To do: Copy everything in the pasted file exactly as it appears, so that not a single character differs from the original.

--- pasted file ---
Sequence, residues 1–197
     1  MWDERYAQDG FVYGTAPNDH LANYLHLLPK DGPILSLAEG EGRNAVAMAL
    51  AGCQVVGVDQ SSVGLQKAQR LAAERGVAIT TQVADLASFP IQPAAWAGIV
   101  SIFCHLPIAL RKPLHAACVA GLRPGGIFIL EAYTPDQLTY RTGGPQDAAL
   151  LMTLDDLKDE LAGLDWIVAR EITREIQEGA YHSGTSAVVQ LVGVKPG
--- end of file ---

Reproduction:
Sequence, residues 1–197
     1  MWDERYAQDG FVYGTAPNDH LANYLHLLPK DGPILSLAEG EGRNAVAMAL
    51  AGCQVVGVDQ SSVGLQKAQR LAAERGVAIT TQVADLASFP IQPAAWAGIV
   101  SIFCHLPIAL RKPLHAACVA GLRPGGIFIL EAYTPDQLTY RTGGPQDAAL
   151  LMTLDDLKDE LAGLDWIVAR EITREIQEGA YHSGTSAVVQ LVGVKPG